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Northeastern Sky appeared suffused by a dark blood-red coloured vapour, without any variety of different coloured rays. I have never since seen the like. This was about the year 1734. Northern Lights were then a novelty, and excited great wonder and terror among the vulgar.
In 1737, Square Toed Shoes were going out of fashion; I believe few or none were worn after 1737. Buckles instead of Shoe Strings began to be used about the same time, but were not universal in the country towns till 1740 or 1742. Very broad brim'd llats were worn as early as I remember. My father had a beaver whose Brims were at least 7 inches; which when he left off, I remember I used to wear in the Garden, or in a shower, by way of Umbrella. They were all cock'd triangularly. And pulling them off by way of salutation was invariably the Fashion by all who had any Breeding.
Boots were never worn except on horseback, or snowy or rainy weather. They frequently had large broad Tops that reach'd full half way up the Thigh. But Boots did not come into general use till the close of the revolutionary war.
Funerals were extravagantly expensive. Gold Rings to each of the Bearers, the Minister, the Physician, &c. were frequently given, when the family could but ill afford it. White gloves in abundance, burnt wine to the company, &c. &c. This extravagance occasioned the enacting sumptuary laws, which though they check'd did not entirely suppress the complaints till the commencement of the revolutionary war.
In 1749, it was reported the train band list of the town of Marblehead, was equal that of the to of Salem. The difference is now very great. I suppose Salem has at least twice the number of Marblehead.
[1749.]* The Houses in Salem) were generally very ordinary. The first handsome house was built by Mr. Jno. Turner, then Col. Pickman, then Mr. J. Cabot, &c.
There was but one ropewalk, and that was on the neck, inside the gate. But one tavern of any note, and that was an old house at the corner now occupied by Stearns' brick store. The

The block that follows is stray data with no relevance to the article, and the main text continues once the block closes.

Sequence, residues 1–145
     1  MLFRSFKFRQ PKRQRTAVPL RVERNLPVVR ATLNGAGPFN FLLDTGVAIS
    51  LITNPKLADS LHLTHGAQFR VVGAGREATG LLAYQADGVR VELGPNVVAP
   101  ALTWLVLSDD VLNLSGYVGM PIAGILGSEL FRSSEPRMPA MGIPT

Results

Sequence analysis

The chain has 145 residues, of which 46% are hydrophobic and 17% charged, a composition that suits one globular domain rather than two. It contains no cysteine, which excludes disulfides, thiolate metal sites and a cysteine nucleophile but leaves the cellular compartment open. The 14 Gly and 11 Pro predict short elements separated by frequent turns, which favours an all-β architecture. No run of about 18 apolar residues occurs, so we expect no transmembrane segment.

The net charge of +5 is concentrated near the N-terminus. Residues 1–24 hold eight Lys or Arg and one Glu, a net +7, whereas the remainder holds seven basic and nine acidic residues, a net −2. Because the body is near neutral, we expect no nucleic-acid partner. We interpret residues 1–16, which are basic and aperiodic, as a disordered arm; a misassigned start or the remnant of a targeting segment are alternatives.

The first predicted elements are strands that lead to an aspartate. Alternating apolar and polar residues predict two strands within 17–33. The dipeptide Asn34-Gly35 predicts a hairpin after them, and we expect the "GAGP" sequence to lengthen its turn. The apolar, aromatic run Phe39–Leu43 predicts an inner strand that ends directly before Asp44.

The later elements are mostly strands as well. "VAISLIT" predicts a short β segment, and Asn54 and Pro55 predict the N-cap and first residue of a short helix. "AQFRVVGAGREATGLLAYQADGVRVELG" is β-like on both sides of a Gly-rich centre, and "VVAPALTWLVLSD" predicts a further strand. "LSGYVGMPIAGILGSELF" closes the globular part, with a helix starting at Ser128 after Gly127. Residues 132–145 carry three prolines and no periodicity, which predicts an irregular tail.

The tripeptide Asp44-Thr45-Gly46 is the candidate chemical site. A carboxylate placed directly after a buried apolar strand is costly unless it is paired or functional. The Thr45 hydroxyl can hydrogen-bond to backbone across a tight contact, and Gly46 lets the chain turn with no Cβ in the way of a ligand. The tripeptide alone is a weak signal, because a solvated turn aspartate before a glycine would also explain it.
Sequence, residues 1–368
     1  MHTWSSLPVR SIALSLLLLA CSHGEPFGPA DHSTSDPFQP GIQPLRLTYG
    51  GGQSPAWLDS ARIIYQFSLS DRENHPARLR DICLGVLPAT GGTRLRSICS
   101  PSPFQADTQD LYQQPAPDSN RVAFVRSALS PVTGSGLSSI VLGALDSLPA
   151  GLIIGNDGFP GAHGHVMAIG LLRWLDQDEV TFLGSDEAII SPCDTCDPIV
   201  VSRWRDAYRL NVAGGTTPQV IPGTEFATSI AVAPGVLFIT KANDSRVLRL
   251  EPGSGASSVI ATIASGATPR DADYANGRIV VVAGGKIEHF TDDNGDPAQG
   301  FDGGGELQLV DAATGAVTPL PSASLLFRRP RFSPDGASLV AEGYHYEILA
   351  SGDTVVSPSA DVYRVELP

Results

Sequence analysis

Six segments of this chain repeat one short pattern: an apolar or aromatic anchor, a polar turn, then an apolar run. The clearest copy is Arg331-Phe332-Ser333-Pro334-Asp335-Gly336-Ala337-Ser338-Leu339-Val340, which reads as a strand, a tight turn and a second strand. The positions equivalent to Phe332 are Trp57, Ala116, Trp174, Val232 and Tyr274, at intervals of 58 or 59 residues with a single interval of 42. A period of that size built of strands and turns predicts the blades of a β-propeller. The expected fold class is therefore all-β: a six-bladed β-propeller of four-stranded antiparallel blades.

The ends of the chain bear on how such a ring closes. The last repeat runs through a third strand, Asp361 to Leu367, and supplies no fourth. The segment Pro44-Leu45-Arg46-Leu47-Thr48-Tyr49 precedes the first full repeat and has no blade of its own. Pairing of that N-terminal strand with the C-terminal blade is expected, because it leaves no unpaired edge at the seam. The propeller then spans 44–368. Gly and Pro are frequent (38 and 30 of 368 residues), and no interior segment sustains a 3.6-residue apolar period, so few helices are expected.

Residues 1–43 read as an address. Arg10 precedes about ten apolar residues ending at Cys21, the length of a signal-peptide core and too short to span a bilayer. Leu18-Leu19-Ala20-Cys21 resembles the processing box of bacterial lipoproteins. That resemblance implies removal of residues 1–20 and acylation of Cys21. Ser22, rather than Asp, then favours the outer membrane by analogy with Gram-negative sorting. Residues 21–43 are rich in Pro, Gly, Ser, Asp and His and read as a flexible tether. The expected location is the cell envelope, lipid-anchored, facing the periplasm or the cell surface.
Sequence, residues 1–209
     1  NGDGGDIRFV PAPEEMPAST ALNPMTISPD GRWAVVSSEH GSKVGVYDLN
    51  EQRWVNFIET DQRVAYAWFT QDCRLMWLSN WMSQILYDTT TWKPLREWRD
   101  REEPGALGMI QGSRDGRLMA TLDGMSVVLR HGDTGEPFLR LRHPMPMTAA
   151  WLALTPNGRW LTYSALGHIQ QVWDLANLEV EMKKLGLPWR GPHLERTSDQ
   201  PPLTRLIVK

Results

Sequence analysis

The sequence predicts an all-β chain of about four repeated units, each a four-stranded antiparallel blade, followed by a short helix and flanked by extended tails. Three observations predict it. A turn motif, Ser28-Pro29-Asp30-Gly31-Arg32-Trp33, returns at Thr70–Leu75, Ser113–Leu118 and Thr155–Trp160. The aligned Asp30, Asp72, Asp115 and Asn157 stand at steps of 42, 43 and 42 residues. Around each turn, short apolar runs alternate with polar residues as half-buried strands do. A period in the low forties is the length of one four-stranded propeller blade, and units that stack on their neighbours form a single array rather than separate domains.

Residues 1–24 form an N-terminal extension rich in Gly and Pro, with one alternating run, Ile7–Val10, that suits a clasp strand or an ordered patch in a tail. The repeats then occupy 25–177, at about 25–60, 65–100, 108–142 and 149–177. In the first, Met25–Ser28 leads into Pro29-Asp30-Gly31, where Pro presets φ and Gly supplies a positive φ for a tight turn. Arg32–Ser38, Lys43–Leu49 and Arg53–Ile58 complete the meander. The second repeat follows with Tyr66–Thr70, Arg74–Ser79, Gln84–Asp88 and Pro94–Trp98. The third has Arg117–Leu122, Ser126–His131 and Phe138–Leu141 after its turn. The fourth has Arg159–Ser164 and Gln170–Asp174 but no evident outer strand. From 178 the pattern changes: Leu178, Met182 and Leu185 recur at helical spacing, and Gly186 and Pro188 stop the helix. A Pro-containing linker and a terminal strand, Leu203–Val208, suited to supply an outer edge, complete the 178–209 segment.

* These remarks refer to the period of Dr. Holyoke's residence in Salem, preceding the revolution.
Houses for publick worship were only the old (first) church-the eastern parish—the secession from the first church-the Friends' meeting house, and the Episcopal church.
The number of Inhabitants was estimated at between 5 and 6000.
The Commerce of this town was chiefly with Spain and Portugal and the West Indies, especially with St. Eustatia. The Cod fishery was carried on with success and advantage. The Schooners were employed on the fishing banks in the summer, and in the autumn were laden with Fish, Rum, Molasses, and the produce of the country, and sent to Virginia and Maryland, and there spent the winter retailing their cargoes, and in return brought Corn and Wheat and Tobacco. This Virginia voyage was seldom very profitable, but as it served to keep the crews together, it was continued till more advantageous employment offered.
There were a few Chaises kept by gentlemen for their own use, but it was no easy matter to hire one to go a journey.
The following poetical scraps are introduced merely as matters of curiosity, and without the most distant idea of claiming for Dr. Holyoke the meed of poetical excellence. They serve to show what common observation will verify, that most men at some period or other of their life seek an utterance for the vividness of their thoughts in the flow of measured numbers. The, first piece is a production of an early period of his life, and occasioned by the mildness and beauty of the season. The second short “ fragment” bears the date of 1823, when the author was 95 years old, and is a playful protest against the innovations of modern customs.